Error Handling


As you all (should) know error handling is a very important part in the development process. Not only does it show the user that the page he/she/it requested is not available, it's also a way to inform machines (browsers and such) about what’s going on by providing a HTTP error status.

Code errors

FuelPHP's internal error handling is based on Exceptions. This allows you to catch them in your code, so your application can handle the exception that occured gracefully and the user can continue using the application.

FuelPHP also alters the default PHP behaviour when it comes to PHP errors (which are not exceptions) from the old procedural functions. Instead of continuing on all non-fatal errors, FuelPHP will throw a PhpErrorException on all of these errors. This will force you to solve all errors, even an E_NOTICE which in the old days you might have ignored. It will also allow you to catch PHP errors. For example to catch syntax errors in view files when you have non-programmers creating views.

You can alter this behaviour by adding PHP error types (like E_NOTICE or E_STRICT) to the errors.continue_on key in your applications config/config.php file. Errors defined here will allow your script to continue. No exception is being thrown for these errors, so you can no longer catch these.

It is strongly adviced not to continue on errors, as it might lead to bugs in your code that are very difficult to find once your application moves into production!

Application logic errors

Error 404

The 404 route is set in app/config/routes.php and must point to the controller/method that handles the 404 pages. Read more about it in the routing section.

Throwing a 404

There may be times when one needs to throw a 404 error, such as when handling the routing yourself. This is simply done by throwing a HttpNotFoundException. Fuel will exit for you once it has run the 404 page.

throw new HttpNotFoundException;

This exception is caught and processed in your applications index.php file. When caught, it will do a lookup for the defined 404 route, and if found, it will forge a new request using the route found as the URI for the request. As this is a normal request, the URI will be routed like any other request!

If you don't want this behaviour, change your index.php file to read

// Generate the request, execute it and send the output.
	$response = Request::forge()->execute()->response();
catch (HttpNotFoundException $e)
	$route = array_key_exists('_404_', Router::$routes) ? Router::$routes['_404_']->translation : Config::get('routes._404_');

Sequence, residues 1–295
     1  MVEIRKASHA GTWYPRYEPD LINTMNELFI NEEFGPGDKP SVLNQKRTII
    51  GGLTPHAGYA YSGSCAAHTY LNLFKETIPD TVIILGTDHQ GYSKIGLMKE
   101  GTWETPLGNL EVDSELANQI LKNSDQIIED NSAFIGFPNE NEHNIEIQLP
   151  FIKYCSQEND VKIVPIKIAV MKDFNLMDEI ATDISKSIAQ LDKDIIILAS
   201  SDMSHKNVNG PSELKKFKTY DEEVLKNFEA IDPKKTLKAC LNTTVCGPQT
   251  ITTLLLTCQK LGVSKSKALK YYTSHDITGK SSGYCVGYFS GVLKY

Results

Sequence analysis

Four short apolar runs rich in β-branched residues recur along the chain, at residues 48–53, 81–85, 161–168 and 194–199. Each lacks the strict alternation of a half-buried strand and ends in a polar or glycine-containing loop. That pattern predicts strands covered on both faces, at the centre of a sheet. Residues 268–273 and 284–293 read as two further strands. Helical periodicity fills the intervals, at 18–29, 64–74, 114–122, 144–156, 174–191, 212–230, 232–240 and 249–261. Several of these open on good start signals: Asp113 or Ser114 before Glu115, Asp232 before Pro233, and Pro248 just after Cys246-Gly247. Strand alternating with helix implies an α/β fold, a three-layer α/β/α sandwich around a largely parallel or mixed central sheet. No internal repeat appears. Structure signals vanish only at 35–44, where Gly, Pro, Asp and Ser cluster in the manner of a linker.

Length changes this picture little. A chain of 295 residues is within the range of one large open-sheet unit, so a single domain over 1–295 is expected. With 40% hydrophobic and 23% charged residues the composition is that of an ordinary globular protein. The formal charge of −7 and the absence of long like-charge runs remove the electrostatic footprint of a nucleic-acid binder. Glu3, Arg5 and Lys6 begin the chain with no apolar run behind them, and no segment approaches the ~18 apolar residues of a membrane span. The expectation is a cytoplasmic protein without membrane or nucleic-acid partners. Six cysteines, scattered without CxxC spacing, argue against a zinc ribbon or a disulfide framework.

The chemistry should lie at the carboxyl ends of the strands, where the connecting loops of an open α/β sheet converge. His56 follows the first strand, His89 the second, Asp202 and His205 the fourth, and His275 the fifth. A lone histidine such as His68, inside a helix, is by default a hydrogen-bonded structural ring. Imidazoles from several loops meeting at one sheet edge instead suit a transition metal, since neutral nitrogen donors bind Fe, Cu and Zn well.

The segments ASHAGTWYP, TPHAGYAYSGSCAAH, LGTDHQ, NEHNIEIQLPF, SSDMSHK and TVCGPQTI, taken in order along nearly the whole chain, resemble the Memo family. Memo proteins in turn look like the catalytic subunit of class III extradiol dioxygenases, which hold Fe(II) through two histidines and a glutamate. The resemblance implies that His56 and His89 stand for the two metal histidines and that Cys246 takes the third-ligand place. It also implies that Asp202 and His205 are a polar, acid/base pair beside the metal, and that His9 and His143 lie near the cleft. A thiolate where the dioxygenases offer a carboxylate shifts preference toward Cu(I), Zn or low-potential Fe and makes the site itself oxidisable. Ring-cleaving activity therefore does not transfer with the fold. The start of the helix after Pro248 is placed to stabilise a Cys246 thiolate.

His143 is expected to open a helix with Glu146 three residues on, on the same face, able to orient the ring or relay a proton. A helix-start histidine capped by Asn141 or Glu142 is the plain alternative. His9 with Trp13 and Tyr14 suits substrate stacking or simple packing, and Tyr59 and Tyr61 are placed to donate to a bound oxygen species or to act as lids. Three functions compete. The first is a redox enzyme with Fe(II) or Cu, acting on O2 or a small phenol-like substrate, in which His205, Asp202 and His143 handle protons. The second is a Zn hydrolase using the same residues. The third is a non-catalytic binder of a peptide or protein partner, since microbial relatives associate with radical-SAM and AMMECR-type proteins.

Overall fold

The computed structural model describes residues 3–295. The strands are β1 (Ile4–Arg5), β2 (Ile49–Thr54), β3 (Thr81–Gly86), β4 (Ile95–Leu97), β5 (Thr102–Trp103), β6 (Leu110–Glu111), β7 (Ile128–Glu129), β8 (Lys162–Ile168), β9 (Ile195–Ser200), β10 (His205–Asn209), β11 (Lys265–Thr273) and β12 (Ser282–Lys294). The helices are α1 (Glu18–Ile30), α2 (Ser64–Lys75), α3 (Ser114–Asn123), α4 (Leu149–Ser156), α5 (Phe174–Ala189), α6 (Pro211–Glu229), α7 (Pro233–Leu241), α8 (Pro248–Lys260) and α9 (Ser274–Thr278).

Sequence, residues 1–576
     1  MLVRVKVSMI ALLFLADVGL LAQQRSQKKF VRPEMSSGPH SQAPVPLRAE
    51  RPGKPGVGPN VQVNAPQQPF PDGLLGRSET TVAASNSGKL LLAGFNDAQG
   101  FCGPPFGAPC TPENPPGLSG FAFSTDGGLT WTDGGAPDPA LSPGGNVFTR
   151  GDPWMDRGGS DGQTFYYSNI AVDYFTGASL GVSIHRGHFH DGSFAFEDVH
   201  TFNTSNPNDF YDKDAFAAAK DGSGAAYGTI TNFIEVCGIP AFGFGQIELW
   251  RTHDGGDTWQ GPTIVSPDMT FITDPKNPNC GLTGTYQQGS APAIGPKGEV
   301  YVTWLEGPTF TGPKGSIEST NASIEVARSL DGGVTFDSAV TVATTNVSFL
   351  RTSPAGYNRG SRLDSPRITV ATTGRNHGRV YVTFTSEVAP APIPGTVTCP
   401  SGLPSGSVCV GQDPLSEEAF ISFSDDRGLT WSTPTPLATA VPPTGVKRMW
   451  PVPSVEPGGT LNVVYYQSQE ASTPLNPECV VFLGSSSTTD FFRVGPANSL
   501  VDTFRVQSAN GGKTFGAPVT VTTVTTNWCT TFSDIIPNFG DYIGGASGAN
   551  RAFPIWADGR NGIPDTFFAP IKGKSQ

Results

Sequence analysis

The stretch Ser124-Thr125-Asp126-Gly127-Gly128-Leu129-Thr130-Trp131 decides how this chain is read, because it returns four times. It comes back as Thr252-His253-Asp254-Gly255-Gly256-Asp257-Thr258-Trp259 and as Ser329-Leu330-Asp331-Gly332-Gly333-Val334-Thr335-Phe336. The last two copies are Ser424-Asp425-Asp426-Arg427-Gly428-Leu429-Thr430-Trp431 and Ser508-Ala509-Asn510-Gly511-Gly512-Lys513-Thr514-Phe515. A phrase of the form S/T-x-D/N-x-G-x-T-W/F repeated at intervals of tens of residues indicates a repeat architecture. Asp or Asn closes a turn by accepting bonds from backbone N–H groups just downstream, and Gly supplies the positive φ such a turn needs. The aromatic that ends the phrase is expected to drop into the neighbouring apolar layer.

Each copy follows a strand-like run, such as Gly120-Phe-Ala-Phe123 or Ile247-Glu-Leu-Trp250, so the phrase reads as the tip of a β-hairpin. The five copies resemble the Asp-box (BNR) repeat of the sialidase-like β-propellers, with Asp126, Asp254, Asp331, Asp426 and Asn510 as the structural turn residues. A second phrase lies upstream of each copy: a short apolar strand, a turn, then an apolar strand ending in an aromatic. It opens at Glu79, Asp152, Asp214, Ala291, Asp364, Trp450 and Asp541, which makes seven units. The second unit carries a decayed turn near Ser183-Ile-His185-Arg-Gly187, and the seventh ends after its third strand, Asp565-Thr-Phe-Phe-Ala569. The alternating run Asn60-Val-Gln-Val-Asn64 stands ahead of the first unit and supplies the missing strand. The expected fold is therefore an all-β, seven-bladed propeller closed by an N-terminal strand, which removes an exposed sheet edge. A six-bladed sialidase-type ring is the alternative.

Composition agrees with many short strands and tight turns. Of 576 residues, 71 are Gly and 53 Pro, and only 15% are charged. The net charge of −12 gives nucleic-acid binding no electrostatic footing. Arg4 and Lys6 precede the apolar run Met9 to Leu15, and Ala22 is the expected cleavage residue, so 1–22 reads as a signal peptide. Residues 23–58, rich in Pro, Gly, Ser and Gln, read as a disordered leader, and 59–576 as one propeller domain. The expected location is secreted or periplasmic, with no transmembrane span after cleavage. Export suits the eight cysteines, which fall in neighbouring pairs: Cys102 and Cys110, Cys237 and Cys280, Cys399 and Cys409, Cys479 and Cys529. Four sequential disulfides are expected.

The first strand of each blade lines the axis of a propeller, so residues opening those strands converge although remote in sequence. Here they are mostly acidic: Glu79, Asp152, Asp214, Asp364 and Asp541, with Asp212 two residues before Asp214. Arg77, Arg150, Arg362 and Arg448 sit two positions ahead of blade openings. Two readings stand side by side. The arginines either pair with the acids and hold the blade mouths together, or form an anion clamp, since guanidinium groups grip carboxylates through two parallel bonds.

if ($route)
		// add 'false' to the forge request do disable the routing engine
		$response = Request::forge($route, false)->execute()->response();
		throw $e;

404 handling

When a request is made and after the router looked for possible matches and there is no match, the 404 handling comes into play. By default the _404_ route points to welcome/404, let's take a look at that method:

// Inside Controller_Welcome

 * The 404 action for the application.
 * @access  public
 * @return  void
public function action_404()
	$messages = array('Aw, crap!', 'Bloody Hell!', 'Uh Oh!', 'Nope, not here.', 'Huh?');
	$data['title'] = $messages[array_rand($messages)];

	// Set a HTTP 404 output header
	return Response::forge(Presenter::forge('welcome/404', $data), 404);

Here you can see what's going on inside the 404 handler. As you can see it's a normal controller action. What's nice about this is that it allows you to show whatever content you like on the page. You can load your own views with data fetched from a database.

Note that Fuel doesn't set the 404 status, your response must set this. Return Response::forge(Presenter::forge('welcome/404'), 404); in order to send the correct status header.

Catch all

Because Fuel doesn't set the 404 response status, you can use it as a catch all function. You might have have a page model that can fetch the page from a database by uri. Here is an example to illustrate the possibilities:

// Inside your 404 controller

public function action_my404()
	$original_uri = \Input::uri();
	$result = \DB::select()->from('pages')->where('uri', $original_uri)->execute();
	if(count($result) === 1)
		// display that page in whatever way you like
		// display your general 404 page
		$messages = array('Aw, crap!', 'Bloody Hell!', 'Uh Oh!', 'Nope, not here.', 'Huh?');
		$data['title'] = $messages[array_rand($messages)];
		return Response::forge(View::forge('welcome/404', $data), 404);

Throwing a 500

There may be moments where your applications simply need to stop and show an error to indicate that something has gone wrong on the server. Normally this is a 500 Internal Server Error. This exception can be caught in the front controller by defining a _500_ route. It allows you to show a proper error message, do additional error logging, or send a notification to an administrator to get the issue fixed.

Similar to throwing a 404, one can throw a 500 error.

throw new HttpServerErrorException;

Throwing a 403

If you want centralized handling of access violations, you can choose to signal an access violation by throwing an HttpNoAccessException. This exception can be caught in the front controller by defining a _403_ route. The handler could for example store the current URI, ask for a login, and if a success, return to the stored URI so the user can return to where the violation occured.

Similar to throwing a 404, one can throw a 403 error.

throw new HttpNoAccessException;

Errors in CLI mode

When an error happens in CLI mode, either interactively through the oil console, or when running a task, the error is simply displayed, and depending on the type of error, the current action may be aborted.

You can enable dumping a backtrace when a fatal error occurs by setting the cli_backtrace configuration key in the config.php config file to true.